Futureproof is good, but it’s not always the way to go. You may be tempted to use DIRECTV’s C61K 4K Genie Mini Client with a non-4K TV so that you won’t need to replace it. I’ll tell you, the C61K works almost as well with an HDTV as it works with a 4K TV. I have personally confirmed this. However, there are some issues that may be long-term or may simply be due to the fairly early build level of the software that runs it.
When starting up, I got a message about 50% of the time that this was a non-4K TV and that 4K wasn’t supported. Well, duh. But at any rate I had to choose “Try again” from a very sparse menu in order to get to live TV.
Obviously, I was not able to select 2160p as a resolution and 4K content wouldn’t play due to HDCP (content protection) issues. So your hopes of buying a 4K pay-per-view and having it display on other TVs in non-4K resolution are basically dashed. It does not downsample 4K programming; it just ignores it.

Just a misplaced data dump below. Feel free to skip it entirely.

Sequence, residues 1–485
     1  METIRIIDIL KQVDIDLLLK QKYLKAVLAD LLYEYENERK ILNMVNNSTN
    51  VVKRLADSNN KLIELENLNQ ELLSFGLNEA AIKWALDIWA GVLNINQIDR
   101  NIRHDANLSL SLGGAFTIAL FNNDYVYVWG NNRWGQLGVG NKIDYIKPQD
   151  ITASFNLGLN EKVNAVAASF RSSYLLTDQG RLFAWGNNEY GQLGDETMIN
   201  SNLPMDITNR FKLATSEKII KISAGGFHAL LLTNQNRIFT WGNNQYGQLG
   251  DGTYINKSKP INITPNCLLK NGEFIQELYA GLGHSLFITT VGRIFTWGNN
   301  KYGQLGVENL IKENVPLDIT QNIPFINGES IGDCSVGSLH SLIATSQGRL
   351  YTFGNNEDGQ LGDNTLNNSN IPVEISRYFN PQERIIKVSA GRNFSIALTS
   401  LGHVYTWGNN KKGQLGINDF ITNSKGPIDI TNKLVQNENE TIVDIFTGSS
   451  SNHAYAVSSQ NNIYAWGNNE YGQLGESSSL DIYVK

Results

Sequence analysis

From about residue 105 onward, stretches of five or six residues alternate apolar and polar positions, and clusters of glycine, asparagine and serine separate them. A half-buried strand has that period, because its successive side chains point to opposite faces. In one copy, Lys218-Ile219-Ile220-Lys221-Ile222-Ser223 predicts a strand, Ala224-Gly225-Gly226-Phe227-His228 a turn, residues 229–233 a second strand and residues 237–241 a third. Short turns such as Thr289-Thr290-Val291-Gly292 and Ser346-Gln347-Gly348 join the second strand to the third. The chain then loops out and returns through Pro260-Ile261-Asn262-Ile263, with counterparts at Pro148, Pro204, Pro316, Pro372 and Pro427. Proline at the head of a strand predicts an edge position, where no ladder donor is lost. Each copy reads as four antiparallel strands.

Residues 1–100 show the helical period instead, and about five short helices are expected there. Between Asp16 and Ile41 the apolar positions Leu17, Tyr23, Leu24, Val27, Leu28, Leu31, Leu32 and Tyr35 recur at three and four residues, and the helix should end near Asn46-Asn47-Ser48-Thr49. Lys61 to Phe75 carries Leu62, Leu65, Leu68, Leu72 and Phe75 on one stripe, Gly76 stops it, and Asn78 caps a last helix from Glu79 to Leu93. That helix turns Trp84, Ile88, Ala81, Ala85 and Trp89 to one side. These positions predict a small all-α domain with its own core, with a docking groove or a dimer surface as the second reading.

Folks, I wouldn’t do this. If you’re going to go 4K, get the client and the TV at the same time. If you need to add a client today, add an HD Genie Mini Client instead and upgrade the system to 4K with a new client when you need it. The 4K Genie Mini is larger, uses more energy, and it’s just not designed for HD use. It’s just not the right way to go.